U.S. Navy Re-Establishes the Second Fleet Because Russia Is on the Rise

The Second Fleet will keep an eye on Russian navy ships on this side of the Atlantic.

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U.S. Navy

The U.S. Navy, reacting to an increasingly active Russian Navy, will reactive the Second Fleet.

The Second Fleet was historically responsible for the East Coast and the Atlantic Ocean ranging out to halfway between North America and Europe. The fleet will likely coordinate a response to Russian cruise missile submarines operating near the continental United States.

The U.S. Navy is organized around several numbered fleets, each with a particular geographical area of responsibility. The Seventh Fleet, for example, is based out of Japan and is responsible for the Western Pacific, while the Sixth Fleet is based out of Naples, Italy and controls American naval forces in the North Sea, North Atlantic, South Atlantic, and Mediterranean. The Fifth Fleet is headquartered in Bahrain and responsible for the Middle East and Horn of Africa. The Third Fleet, based in San Diego, is roughly responsible for the Pacific from Hawaii to Alaska and points south. The last fleet, the Tenth Fleet, controls Navy cyber forces.

The Second Fleet used operate out of Norfolk, Virginia, and was responsible for the Western Atlantic as far east as Greenland. The fleet was disbanded in 2011 as a cost-saving measure, with its assets rolled into the Fleet Forces Command. Without a rival sending warships into the Western Atlantic, there wasn’t much point in a Second Fleet. Other commands—particularly the Seventh Fleet facing China and North Korea and the Fifth Fleet facing Somali pirates, ISIS, the war in Yemen, and the war Afghanistan—were much more heavily engaged and could use the freed up manpower.

The resurgence of the Russian Navy, along with Russia’s new hostility to the West, has prompted Navy officials to reactivate the Second Fleet. In March 2017, Russian Navy commander Admiral Vladimir Korolev claimed Russian naval forces had at last , with his submarine fleet alone spending 3,000 hours at sea.

As tensions with Russia heat up, the likelihood of Russian submarines operating in the Western Atlantic increases to a virtual certainty. Russian submarines will travel farther for training purposes, conduct surveillance on U.S. and Allied ships in the region, and collect intelligence on military installations such as Norfolk and military shipyards up and down the East Coast. In the event of war, Russian submarines would do what the Soviets had planned to do in wartime and what Nazi Germany attempted to do in World War II: shut down the Atlantic and prevent the U.S. from flowing reinforcements into Europe.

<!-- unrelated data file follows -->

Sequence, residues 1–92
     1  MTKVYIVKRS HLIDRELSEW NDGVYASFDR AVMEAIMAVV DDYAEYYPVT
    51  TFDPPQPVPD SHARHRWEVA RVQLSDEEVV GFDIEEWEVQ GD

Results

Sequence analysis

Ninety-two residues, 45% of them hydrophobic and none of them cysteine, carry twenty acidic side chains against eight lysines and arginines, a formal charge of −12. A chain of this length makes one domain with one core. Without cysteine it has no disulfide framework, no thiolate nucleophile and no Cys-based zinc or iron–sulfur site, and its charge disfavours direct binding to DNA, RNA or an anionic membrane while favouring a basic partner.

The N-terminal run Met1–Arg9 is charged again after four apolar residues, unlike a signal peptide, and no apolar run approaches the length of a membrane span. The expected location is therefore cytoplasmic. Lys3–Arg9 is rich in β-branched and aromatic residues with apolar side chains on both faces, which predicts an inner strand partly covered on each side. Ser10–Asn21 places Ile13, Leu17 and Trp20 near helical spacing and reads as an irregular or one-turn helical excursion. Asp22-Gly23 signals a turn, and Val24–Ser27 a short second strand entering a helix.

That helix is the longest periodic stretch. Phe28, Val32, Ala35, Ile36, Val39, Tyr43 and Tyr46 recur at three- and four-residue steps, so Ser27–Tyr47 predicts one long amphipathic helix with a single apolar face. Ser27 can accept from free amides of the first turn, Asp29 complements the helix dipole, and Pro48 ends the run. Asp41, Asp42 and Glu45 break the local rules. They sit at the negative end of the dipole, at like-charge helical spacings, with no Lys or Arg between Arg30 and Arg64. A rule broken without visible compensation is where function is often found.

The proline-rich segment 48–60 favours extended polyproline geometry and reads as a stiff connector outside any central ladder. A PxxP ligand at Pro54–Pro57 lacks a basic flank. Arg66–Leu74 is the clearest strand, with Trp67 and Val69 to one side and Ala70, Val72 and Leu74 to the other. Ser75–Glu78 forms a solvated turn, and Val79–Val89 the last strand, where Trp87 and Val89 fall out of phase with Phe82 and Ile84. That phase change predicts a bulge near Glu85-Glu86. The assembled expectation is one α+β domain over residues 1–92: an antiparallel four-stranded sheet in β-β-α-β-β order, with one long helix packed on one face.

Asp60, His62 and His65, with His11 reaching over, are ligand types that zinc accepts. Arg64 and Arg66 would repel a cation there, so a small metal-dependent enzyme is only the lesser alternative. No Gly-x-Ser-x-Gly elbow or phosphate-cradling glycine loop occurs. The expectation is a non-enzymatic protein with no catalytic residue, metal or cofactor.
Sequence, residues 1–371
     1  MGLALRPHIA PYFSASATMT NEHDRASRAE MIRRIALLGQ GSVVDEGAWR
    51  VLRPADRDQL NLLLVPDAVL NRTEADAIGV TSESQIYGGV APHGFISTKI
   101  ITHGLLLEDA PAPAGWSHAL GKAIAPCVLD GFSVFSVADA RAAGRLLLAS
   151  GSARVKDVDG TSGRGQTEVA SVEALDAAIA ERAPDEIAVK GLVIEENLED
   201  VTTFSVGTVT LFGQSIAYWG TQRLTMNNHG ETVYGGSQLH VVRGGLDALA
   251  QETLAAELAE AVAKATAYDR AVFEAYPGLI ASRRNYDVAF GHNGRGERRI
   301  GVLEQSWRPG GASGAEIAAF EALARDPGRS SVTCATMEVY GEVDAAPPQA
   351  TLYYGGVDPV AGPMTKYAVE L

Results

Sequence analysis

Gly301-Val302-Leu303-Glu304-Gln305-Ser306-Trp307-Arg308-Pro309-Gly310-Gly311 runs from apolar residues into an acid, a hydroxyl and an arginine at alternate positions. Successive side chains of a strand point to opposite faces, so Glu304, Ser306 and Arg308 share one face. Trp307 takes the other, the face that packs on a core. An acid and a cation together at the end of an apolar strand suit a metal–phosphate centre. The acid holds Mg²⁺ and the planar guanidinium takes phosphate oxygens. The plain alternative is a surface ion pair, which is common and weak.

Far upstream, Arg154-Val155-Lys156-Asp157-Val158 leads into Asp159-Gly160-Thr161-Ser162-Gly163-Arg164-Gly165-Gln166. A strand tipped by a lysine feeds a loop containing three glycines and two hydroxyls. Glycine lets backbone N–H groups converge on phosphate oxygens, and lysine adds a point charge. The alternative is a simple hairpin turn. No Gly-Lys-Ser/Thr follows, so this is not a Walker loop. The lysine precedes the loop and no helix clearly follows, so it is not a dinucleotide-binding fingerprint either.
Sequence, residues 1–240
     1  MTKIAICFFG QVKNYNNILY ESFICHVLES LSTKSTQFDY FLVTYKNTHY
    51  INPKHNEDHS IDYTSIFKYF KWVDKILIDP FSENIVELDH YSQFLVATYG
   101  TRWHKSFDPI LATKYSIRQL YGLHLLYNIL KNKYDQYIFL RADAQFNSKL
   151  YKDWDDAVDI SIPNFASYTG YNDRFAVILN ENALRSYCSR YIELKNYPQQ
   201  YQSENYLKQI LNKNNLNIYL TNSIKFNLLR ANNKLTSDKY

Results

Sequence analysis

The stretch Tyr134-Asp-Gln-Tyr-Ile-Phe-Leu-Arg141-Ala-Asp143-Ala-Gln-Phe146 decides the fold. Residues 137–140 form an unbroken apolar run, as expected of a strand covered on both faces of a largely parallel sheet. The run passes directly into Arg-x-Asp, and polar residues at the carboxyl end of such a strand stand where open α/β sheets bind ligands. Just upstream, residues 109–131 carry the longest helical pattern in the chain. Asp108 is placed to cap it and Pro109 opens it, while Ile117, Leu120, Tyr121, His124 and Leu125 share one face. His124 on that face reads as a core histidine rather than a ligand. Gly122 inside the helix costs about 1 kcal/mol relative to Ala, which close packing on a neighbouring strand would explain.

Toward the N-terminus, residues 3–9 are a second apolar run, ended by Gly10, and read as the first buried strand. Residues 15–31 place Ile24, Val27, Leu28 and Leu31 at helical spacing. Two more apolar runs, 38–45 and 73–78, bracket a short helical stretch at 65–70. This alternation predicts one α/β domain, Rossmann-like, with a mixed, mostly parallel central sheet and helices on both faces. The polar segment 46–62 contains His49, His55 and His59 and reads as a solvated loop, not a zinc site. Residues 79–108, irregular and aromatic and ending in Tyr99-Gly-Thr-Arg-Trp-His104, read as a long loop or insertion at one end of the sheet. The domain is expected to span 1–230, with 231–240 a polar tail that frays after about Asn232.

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The Russian submarine Severodvinsk, the first in the Yasen-class of cruise missile submarines, during drills in the Barents Sea.
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This leads to another potential threat the U.S. is trying to address: Russia’s ability to launch nuclear-tipped cruise missiles from submarines. Russian Navy surface ships and submarines, particularly older submarines, are capable of firing the Kalibr cruise missile, Russia’s rough equivalent to the American Tomahawk cruise missile. In 2015 Russian ships and submarines launched more than two dozen Kalibr missiles against Islamic State targets in Syria, and Russian Navy forces have launched more than a dozen Kalibr strikes against insurgents in Syria since. The Kalibr cruise missile was suspected for years of being capable of carrying a nuclear warhead, something .

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Russian Navy submarine Kolpino launches several Kalibr missiles against Islamic State targets.
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Cruise missiles fly slow but low, in order to fly under most missile-detecting radars. Russian submarines, particularly the new , could creep up to North America and then launch a surprise attack of nuclear-armed Kalibrs against Washington D.C. and strategic targets across the Eastern Seaboard.

Each Yasen can launch up to 40 Kalibrs, and the Russian Navy plans to build up to eight of the submarines. (It’s not exactly a first strike scenario that makes a lot of sense—U.S. forces could still mount a devastating nuclear retaliatory strike, functioning government or not--but it is theoretically possible and has to be addressed.) The Kalibr missile has a maximum range of 1,079 nautical miles, placing it well within the Second Fleet’s traditional area of responsibility.

According to USNI News, Second Fleet will reactivate on July 1, 2018, “and will have an initial manning of 11 officers and four enlisted personnel. The staff will eventually grow to 85 officers, 164 enlisted and seven civilians.”

Via

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